So, is this bad news for the big IT providers and good news for taxpayers? Not necessarily. We spoke with the Cabinet Office and the Department for Children Schools and Families. Both gave approximately the same answer – which was that contracts would be honoured. A spokeswoman for the DCSF said: "the Department would take into account the rights and responsibilities contained within the contract along with any relevant break clauses and negotiate an appropriate exit."

The Home Office declined to answer, for some reason taking exception to any question about what the legal responsibilities of an incoming government were and refusing absolutely to "discuss hypotheticals". Perhaps they have fallen for New Labour’s vision of a 1000-year rule, and regard any change of government as purely hypothetical.

Or maybe they are just embarrassed by the story, reported last week, that contracts for the National ID database contain compensation clauses suggesting any suppliers who lose out on cancellation of this project will be paid not only costs accrued to that point, but also a sum in lieu of lost profits.

A Home Office spokesman described such practices as "normal and fully within government guidelines".

Of course, government does not have to honour contracts at all. First, because no government can abolutely bind a successor government to a particular policy: second, because they can always pass a law making the existing contract illegal. In practice, there are likely to be some very interesting negotiations in the early days of a new administration.

If they are too harsh on existing suppliers, then they will find it very hard to purchase IT in future. However, government also has considerable leverage: despite the Conservatives' claim that they will reduce the influence of consultants in Whitehall, they will still need IT - and it is likely that suppliers who are flexible when it comes to ending contracts will be viewed far more favourably than those who insist on the letter of the contract.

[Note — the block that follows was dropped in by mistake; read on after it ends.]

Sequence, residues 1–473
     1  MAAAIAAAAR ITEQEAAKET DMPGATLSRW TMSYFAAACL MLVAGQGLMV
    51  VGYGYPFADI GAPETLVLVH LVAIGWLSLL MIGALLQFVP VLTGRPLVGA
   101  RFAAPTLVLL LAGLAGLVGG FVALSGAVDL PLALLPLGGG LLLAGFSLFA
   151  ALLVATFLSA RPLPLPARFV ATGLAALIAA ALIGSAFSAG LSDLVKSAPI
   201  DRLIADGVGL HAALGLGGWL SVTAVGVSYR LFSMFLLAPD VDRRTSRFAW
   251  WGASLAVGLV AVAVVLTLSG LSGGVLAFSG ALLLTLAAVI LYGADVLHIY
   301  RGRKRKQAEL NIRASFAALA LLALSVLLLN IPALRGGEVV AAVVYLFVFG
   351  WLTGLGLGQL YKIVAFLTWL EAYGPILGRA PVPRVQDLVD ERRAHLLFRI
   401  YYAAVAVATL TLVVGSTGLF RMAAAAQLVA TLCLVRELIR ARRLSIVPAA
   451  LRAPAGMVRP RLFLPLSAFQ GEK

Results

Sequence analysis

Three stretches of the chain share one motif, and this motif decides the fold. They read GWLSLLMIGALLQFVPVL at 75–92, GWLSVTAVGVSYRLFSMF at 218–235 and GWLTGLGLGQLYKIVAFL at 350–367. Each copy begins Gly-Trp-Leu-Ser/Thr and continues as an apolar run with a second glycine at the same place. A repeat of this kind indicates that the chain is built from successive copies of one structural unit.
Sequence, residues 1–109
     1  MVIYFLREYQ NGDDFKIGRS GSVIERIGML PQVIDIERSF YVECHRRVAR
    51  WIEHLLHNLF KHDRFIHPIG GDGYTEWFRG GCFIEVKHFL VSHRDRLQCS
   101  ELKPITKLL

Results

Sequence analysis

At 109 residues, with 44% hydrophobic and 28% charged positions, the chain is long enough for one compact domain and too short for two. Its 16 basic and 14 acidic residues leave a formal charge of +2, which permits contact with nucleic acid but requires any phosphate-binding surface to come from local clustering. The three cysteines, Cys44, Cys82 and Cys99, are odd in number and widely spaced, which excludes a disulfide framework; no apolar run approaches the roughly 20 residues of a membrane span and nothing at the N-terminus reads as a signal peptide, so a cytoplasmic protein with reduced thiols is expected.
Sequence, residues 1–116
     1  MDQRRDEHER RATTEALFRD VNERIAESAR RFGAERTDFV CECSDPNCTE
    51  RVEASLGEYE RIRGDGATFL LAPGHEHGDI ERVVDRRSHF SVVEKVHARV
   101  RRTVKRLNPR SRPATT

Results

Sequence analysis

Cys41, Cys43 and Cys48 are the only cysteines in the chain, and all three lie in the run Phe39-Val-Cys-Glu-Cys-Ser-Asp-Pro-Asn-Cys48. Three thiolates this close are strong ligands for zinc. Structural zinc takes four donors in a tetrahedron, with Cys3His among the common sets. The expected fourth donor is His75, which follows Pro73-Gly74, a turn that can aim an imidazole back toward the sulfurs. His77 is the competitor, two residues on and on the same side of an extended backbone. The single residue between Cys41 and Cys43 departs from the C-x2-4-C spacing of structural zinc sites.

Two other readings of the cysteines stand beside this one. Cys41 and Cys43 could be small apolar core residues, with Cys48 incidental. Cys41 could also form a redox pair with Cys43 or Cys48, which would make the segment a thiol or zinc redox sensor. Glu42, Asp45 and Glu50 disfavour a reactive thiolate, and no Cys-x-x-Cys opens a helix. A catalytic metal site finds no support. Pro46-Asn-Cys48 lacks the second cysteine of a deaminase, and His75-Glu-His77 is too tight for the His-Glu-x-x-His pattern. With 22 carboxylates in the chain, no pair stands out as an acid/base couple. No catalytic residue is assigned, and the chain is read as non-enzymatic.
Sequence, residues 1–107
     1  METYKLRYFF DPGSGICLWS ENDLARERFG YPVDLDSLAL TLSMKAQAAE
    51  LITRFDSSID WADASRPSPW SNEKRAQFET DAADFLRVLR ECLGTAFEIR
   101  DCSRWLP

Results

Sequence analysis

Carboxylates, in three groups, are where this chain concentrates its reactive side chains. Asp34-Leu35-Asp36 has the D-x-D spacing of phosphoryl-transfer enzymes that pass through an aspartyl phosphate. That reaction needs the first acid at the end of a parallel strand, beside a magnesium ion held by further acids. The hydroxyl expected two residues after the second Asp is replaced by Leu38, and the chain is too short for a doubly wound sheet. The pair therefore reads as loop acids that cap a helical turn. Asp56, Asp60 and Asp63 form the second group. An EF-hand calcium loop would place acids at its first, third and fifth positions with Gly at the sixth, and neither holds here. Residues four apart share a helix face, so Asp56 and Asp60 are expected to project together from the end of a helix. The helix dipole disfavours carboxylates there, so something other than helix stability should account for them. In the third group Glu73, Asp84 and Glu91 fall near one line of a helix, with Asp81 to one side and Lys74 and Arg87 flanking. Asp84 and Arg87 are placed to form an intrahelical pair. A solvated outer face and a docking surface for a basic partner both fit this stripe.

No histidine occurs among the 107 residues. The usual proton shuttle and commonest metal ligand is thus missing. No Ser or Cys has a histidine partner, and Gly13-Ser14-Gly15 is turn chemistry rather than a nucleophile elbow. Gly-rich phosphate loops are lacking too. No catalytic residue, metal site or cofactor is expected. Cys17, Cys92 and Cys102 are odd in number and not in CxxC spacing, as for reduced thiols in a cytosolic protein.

One last area of fall-out may lie in policing. Under Labour, what the police have asked for they have often received. The Tories have always been far more sceptical of police claims, both in respect of the need for extra powers (42 days' detention springs instantly to mind) and more hi-tech surveillance. Arresting an Opposition front bench spokesman shortly before a change of administration is definitely unpolitic, and guaranteed to neither win friends nor influence people.

Chances are that any incoming Tory government will tread delicately. Some of the money will inevitably have been spent already, and the cost savings are not all going to be available in one year. Still, for a party now committed to cutting government spending, the sums represented by these projects (and therefore the cutting-off of same) are not trivial – perhaps as much as £40bn in total. We predict some very sour contractor faces in the not too distant future. ®